Thursday, December 16, 2004

Housing starts, jobless claims both dive unexpectedly

USA Today
WASHINGTON (Reuters) — Housing starts unexpectedly plummeted 13.1% last month, biggest dive in nearly 11 years, as groundbreaking fell sharply across the nation, a government report said Thursday.

Starts slid to a seasonally adjusted annual rate of 1.771 million units in November from an upwardly revised 2.039 million rate a month earlier, the Commerce Department said. It's the biggest drop since housing starts tumbled 17% in January 1994.

A second report Thursday said the number of Americans filing initial claims for unemployment benefits fell much more than expected last week to 317,000, steepest decline in three years.

A Reuters poll of analysts had forecast first-time claims for state unemployment benefits falling to 340,000 in the week ended Dec. 11 from 360,000 the previous week. This had initially been reported at 357,000.

A Labor Department official said last week's 43,000 drop was the largest weekly decrease since a 77,000 fall in December 2001. It brought weekly claims to their lowest level since July, before the U.S. economy hit a soft patch that hurt hiring.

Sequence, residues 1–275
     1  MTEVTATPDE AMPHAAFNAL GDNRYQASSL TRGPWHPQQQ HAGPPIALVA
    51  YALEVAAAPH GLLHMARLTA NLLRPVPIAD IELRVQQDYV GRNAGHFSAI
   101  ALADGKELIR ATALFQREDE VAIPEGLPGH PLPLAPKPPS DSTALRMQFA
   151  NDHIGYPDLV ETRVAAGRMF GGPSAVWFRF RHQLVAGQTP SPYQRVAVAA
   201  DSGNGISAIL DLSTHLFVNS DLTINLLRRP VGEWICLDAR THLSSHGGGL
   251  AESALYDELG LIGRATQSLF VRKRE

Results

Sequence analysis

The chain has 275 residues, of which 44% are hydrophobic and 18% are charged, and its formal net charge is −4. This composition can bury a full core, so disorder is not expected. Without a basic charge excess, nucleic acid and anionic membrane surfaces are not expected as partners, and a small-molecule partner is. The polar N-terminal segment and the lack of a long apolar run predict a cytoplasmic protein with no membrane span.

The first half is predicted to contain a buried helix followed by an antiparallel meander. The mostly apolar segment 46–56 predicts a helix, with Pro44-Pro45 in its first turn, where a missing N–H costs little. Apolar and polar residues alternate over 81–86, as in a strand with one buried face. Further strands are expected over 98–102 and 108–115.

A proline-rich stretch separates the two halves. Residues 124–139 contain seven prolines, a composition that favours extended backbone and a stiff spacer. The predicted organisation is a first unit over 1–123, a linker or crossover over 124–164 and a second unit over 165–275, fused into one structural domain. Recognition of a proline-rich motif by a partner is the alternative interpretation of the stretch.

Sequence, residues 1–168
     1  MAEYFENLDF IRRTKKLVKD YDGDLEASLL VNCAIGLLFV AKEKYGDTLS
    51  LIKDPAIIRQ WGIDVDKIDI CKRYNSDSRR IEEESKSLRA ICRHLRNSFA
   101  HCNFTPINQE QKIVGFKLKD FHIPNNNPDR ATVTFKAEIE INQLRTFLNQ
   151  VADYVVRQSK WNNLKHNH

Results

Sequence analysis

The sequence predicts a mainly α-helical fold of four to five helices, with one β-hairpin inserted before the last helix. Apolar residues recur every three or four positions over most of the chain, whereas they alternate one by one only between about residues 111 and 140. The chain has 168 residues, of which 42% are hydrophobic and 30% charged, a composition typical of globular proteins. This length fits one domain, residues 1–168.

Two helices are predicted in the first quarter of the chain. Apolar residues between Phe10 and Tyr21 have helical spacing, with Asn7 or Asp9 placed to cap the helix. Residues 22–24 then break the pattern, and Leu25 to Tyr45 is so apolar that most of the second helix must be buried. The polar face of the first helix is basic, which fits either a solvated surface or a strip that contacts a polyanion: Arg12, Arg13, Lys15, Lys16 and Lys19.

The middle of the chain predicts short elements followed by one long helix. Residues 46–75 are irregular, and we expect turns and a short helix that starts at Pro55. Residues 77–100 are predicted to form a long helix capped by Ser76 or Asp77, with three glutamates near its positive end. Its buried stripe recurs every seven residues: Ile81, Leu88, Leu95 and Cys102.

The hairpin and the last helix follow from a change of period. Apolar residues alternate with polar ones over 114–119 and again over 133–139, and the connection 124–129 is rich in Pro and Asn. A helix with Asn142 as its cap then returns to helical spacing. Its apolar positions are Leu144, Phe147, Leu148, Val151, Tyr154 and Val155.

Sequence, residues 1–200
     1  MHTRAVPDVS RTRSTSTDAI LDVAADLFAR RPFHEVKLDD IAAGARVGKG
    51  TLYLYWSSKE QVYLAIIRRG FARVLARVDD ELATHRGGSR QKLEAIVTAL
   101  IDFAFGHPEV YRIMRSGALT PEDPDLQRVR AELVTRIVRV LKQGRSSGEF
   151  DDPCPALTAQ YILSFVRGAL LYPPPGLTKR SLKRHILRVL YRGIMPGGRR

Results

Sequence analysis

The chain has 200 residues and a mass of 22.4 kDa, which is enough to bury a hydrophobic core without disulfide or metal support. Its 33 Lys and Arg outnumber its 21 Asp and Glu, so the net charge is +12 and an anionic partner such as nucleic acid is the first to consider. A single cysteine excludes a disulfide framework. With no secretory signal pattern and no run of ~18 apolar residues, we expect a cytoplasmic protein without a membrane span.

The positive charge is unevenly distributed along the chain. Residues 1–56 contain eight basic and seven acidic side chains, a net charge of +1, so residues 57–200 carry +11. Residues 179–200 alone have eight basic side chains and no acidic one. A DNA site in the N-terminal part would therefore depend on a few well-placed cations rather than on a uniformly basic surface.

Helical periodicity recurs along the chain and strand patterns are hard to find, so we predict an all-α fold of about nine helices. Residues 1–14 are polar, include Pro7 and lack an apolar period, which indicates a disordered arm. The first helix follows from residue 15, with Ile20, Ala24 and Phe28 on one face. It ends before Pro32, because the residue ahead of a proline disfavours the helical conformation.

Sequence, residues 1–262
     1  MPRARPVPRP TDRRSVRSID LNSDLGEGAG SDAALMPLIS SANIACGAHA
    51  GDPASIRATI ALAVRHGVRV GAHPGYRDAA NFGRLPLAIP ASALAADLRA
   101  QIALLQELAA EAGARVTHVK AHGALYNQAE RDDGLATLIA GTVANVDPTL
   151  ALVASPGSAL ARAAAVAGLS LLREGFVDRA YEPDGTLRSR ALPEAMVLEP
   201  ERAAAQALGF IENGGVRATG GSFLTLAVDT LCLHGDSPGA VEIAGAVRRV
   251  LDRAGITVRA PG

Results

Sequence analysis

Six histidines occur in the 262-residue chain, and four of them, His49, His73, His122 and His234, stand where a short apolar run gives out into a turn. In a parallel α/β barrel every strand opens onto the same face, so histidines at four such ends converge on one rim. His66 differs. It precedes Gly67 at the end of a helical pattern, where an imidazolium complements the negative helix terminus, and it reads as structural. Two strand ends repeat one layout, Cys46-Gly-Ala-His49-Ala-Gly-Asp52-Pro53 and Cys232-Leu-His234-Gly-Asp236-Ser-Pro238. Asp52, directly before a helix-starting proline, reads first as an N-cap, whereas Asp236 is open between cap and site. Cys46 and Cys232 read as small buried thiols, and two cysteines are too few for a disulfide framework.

On housing starts, economists had expected the number to ease slightly to a 1.980 million unit rate from the 2.027 million initially reported for October.

Low mortgage rates, which averaged around 5.7% in November, had been supporting the housing sector despite five short-term interest-rate rises from the Federal Reserve this year.

Permits for future groundbreaking, an indicator of builder confidence, also proved disappointing, slipping 1.5% to a 1.988 million unit pace. Analysts had looked for a 2.000 million permit rate.

The department said starts fell 14.2% in the Northeast, 19.4% in the Midwest, 13.2% in the West and 10.4% in the South, the region that boasts the lion's share of housing activity.


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